A Taste of Japan

As a part of our 2016 trade initiative with Japan, our sales and marketing specialist Jaclyn Beazley toured around Tokyo, Kobe and Osaka in March. The month, which is typically wet and rainy, had a few sunny days she took advantage of discover all she could about Japanese Sake, Whiskey and even Wine!
First: Foodex Trade Show

First: Foodex Trade Show

Photo Credit: Tastings.com
About an hour east of Tokyo overlooking the bay, lies Chiba City. Home of the annual Foodex Expo, a global market show for imported food and beverages. Here, I found Mr. Yoshiharu Ishida from the Akita Sake and Spirits Association eager to talk about his products and learn about American tasting habits. Did you know the Akita prefecture is in the northwestern corner of Honshu island amongst rugged mountains and snowy winters? Like some place out of a fairy tale, it is well known for the abundant, pure fresh water from its snowfall and ample rice used in the Sake production. While most of Mr. Ishida's brands are not available in the US market, stay tuned to Tastings.com as we review them in the future, including their Japanese, grape-based wines.

Learn more about Akita brands.

Second: Stir Up Some Sake

Second: Stir Up Some Sake

Photo Credit: Tastings.com
About a four hour train ride south of Tokyo lies the city of Kobe. I took a bullet train which hits speeds up to 160 miles per hour - no kidding! Here, I met with the Shirakashi family, owners and managers of the Kenbishi Sake Brewery. Young, smart and effortlessly cool, the Shirakashis exemplify their label's 500-year-old history by following minimal intervention in the production process and age-old production techniques of 'koji' (a type of mold) in Sake making. They also employ hundreds of workers from October through January during the rice harvest and production months.

Here I take a stir of the 'moromi' or main mash of steamed rice, koji, yeast, and water. Learn more about 'koji' and the Sake process.

Third: Stop at Yamazaki Distillery

Third: Stop at Yamazaki Distillery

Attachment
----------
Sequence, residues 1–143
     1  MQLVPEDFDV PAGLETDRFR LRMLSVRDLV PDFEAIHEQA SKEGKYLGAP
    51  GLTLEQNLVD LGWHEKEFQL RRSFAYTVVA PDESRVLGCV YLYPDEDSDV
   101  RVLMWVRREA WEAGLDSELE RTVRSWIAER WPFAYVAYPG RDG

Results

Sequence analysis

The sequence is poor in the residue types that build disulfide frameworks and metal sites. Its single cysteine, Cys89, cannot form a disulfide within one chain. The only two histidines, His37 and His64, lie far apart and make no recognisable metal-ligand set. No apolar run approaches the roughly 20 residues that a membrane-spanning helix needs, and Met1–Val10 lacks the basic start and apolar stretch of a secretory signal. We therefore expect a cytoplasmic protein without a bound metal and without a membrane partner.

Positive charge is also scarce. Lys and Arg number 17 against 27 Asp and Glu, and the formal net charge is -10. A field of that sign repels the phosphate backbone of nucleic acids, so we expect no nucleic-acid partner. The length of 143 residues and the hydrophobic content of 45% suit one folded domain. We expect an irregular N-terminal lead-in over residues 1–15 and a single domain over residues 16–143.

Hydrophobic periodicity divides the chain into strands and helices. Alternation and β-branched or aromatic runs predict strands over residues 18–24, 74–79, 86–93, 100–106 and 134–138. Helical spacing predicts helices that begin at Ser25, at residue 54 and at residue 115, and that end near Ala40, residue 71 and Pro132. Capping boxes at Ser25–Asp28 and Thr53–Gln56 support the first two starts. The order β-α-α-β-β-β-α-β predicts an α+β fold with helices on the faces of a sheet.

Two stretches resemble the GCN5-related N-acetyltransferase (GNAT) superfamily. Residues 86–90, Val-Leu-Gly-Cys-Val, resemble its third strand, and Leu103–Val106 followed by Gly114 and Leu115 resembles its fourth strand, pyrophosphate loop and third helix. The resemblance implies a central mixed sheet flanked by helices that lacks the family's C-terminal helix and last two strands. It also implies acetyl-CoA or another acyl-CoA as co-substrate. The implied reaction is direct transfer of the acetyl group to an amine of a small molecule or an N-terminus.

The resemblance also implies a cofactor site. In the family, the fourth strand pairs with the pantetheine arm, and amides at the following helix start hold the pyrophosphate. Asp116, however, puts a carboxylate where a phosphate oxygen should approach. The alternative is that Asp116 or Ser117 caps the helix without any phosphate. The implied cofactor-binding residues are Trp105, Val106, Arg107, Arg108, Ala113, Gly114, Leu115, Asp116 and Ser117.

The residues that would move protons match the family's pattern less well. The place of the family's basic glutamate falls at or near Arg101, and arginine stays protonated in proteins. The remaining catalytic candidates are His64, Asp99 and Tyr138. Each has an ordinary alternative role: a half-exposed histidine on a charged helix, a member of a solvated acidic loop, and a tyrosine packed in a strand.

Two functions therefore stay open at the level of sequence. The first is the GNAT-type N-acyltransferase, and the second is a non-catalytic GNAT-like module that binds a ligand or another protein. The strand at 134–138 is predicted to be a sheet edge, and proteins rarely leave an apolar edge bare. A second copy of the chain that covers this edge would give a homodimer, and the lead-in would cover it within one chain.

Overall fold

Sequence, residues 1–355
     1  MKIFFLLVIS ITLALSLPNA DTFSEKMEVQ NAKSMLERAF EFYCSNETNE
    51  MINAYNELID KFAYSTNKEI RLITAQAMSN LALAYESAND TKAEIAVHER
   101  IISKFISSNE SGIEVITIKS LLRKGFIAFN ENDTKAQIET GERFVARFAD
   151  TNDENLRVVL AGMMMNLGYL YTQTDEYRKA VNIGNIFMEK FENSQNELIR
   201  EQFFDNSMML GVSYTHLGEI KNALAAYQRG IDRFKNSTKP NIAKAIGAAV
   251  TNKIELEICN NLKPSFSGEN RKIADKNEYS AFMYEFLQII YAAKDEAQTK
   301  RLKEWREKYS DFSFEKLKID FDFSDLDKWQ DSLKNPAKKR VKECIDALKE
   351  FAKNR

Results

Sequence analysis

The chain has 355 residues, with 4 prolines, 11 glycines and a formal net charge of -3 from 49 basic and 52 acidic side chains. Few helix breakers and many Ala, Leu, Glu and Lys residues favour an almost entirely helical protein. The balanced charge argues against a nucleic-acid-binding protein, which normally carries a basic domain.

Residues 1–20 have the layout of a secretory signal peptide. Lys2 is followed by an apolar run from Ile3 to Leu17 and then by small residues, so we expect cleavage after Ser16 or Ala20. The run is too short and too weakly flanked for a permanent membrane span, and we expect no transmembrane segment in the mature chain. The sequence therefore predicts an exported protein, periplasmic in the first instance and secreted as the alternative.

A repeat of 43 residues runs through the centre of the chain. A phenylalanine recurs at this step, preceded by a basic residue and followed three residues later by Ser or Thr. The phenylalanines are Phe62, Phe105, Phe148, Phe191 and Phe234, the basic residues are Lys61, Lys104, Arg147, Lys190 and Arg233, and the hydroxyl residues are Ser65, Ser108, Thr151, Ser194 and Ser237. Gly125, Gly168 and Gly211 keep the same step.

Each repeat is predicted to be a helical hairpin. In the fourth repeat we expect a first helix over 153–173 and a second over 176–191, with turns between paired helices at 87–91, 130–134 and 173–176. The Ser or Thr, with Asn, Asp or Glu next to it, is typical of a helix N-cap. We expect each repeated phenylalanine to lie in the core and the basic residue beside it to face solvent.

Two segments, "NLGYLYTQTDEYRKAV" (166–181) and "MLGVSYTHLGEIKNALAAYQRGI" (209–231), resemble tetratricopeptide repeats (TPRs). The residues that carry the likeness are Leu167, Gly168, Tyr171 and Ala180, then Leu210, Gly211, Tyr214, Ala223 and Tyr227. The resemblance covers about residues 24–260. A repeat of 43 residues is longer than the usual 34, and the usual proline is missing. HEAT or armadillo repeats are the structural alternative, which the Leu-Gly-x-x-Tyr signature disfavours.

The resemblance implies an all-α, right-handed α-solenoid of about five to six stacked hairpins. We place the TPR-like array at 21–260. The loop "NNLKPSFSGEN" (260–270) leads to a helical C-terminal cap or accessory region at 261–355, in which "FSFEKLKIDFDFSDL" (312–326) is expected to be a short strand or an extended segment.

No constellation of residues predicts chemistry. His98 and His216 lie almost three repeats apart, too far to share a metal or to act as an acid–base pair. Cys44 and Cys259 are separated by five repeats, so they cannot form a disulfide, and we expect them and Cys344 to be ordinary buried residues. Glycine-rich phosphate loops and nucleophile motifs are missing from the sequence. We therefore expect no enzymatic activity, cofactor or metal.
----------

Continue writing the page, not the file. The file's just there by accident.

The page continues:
Photo Credit: Tastings.com
Nestled atop the forested hills of Yamazaki, a small town near Osaka, lies Beam Suntory's crown jewel: the Yamazaki Distillery. Here I found 16 differently shaped stills - an engineering feat for crafting many different Whiskey styles - all under one roof. Did you know Suntory's gem also has a special relationship with the University of Tokyo and uniquely has the rights to the Mizunara Forest? It is this unique oak that has the world going wild for Japanese whiskey. Luckily, the distillery has sourced its wood barrels for many years worth of aging its whiskey and released a 25-year aged in the wood that can fetch upwards of $4,000 per bottle.

Have a look at a Yamazaki whiskey Tastings.com tasted and rated here.

Fourth: Finally Go Shopping

Fourth: Finally Go Shopping

Photo Credit: Tastings.com
Back 'round to Tokyo and before my return flight home, I enjoyed a day of shopping in the Ginza district. I couldn't resist. It's a super posh neighborhood only a few minutes walk from Tokyo Station. The Ginza shops will delight your senses with sakura blossom tree boardwalks and delicious aromas of espresso cafes and chocolatiers. And what better way to experience Japan, a global retail giant, than by popping into its many Sake shops and Tempura restaurants here.

Find your next destination in Ginza.

First: Foodex Trade Show
Second: Stir Up Some Sake